By Jaime Cheng and Albert Yen
“Joint development” generally refers to the joint participation of two or more business entities (hereinafter, “Participants“) in the research and development of new technology or a new product. In selecting joint development partners, Participants will seek out other entities that complement their competitive advantage to create a synergistic effect. A successful joint development project allows Participants to share the benefits and lays a solid foundation for a long-term and stable business relationship.
Various types of intellectual property rights may arise in a research and development project. Technical ideas may be filed to obtain patents; a form of expression of technical ideas may result in copyright upon the completion of the creation, and adequately protected technical knowledge may be protected as a trade secret if it has economic value. In joint development projects, Participants should identify the ownership of intellectual property rights jointly created from the project in a well-drafted joint development agreement to avoid potential future disputes.
In the remainder of this Article, the authors will briefly address the Taiwan default ownership rules for jointly developed intellectual property in the absence of a contractual agreement and the issues that may arise.
Pursuant to the Taiwan Patent Act, in the absence of a contractual agreement, the person who contributes to the patentable technology (i.e., the inventor, creator, or designer) should be treated as the owner of the right to apply for a patent. In a joint development project, where each Participant contributes to part of patentable technology, Participants will co-own the right to apply for a patent and further co-own the granted patent right.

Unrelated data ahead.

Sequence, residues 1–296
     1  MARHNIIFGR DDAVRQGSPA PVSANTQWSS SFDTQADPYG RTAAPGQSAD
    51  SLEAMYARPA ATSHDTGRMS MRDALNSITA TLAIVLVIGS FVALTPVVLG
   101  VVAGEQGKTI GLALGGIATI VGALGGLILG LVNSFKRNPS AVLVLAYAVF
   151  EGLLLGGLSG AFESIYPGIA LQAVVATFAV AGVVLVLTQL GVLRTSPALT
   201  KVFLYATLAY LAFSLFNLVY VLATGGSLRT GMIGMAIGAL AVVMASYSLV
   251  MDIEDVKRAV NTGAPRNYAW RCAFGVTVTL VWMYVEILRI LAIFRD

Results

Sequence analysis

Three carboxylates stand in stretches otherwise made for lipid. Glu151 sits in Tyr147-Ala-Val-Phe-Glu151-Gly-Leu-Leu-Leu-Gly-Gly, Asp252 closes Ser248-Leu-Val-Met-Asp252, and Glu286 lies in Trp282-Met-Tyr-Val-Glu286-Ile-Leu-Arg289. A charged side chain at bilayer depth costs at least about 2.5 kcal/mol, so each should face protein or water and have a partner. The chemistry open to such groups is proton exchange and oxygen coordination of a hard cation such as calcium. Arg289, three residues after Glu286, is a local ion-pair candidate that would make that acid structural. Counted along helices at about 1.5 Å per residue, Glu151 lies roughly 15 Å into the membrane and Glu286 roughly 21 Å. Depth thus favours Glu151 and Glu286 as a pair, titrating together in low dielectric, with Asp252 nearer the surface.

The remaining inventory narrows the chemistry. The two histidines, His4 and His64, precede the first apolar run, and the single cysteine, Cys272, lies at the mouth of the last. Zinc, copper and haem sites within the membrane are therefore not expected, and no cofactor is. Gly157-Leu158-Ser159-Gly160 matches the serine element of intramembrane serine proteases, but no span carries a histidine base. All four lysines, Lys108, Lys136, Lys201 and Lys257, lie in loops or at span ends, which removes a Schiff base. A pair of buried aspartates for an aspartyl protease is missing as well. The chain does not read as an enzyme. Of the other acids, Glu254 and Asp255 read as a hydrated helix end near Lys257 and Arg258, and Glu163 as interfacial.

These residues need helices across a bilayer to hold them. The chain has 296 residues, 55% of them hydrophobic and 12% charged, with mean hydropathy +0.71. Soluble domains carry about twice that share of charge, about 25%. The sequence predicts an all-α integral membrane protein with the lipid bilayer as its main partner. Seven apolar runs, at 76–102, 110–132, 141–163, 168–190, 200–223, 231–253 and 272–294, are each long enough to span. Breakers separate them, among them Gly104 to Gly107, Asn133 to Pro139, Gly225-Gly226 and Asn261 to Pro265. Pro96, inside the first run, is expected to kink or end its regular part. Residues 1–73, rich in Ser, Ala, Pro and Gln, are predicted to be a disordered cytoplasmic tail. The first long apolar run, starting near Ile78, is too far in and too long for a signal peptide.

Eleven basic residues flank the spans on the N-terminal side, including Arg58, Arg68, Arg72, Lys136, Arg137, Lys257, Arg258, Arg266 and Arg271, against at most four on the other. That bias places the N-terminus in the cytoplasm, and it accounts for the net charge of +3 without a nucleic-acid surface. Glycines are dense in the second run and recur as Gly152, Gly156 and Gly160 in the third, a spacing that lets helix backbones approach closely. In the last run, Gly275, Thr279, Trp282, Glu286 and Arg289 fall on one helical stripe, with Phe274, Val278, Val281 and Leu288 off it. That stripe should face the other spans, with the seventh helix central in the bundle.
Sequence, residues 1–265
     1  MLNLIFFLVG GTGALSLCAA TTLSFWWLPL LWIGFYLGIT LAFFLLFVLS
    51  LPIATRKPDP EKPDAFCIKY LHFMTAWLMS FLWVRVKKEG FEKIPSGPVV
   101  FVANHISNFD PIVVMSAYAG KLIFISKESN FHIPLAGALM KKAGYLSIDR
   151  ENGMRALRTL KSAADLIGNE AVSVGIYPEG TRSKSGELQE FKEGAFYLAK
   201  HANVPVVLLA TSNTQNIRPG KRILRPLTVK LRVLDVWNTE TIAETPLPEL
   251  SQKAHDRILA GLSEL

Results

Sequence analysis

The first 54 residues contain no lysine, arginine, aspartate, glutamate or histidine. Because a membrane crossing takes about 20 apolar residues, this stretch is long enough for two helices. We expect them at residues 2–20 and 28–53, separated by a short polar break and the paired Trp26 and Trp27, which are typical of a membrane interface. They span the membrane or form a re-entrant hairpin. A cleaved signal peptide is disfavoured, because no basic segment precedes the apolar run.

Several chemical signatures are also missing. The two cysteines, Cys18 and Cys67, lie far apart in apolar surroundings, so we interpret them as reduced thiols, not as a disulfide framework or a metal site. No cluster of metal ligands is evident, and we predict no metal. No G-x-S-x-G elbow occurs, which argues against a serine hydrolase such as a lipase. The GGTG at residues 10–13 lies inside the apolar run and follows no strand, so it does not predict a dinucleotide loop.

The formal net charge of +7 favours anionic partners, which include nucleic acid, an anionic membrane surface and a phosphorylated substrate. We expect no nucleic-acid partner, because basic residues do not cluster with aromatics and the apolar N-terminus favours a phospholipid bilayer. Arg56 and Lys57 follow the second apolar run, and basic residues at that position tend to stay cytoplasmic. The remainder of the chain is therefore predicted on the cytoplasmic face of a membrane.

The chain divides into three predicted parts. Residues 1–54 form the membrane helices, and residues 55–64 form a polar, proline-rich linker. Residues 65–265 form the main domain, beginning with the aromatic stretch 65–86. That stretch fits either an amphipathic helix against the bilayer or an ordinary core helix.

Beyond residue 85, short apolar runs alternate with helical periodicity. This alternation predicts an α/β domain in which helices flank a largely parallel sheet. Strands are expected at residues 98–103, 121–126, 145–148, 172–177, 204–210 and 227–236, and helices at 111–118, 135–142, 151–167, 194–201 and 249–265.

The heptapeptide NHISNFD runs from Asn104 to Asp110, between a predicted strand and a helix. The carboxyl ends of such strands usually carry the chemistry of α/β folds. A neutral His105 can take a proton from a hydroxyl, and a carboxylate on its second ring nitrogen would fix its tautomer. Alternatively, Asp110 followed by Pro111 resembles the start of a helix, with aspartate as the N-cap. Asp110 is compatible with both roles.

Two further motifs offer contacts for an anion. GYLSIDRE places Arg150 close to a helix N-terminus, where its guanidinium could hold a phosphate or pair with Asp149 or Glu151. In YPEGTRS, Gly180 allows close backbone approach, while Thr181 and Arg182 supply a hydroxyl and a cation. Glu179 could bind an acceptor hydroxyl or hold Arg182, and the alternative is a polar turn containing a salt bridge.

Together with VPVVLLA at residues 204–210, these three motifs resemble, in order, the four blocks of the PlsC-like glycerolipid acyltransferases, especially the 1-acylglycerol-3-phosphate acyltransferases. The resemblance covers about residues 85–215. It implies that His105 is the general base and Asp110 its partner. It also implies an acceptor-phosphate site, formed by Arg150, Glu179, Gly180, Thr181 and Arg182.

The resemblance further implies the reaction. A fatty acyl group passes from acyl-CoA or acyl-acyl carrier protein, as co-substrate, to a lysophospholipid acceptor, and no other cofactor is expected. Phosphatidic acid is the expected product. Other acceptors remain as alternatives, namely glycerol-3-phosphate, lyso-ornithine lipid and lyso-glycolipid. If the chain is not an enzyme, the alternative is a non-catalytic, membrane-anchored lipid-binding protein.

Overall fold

As a result, for a Participant to file a patent application for the jointly developed technology, the Participant must obtain the consent of each of the other Participants. Without the consent of the other co-owners, a Participant can neither assign or abandon the entirety of the right to apply for a patent for the jointly developed technology nor can the Participant assign their share of the right to apply for a patent to another party. Accordingly, issues may arise where one Participant wishes to patent the technology, but the other Participant(s) objects based on the belief that the value of maintaining a patent in a specific jurisdiction is disproportionate to the costs or that protecting the technology as a trade secret is a more beneficial course.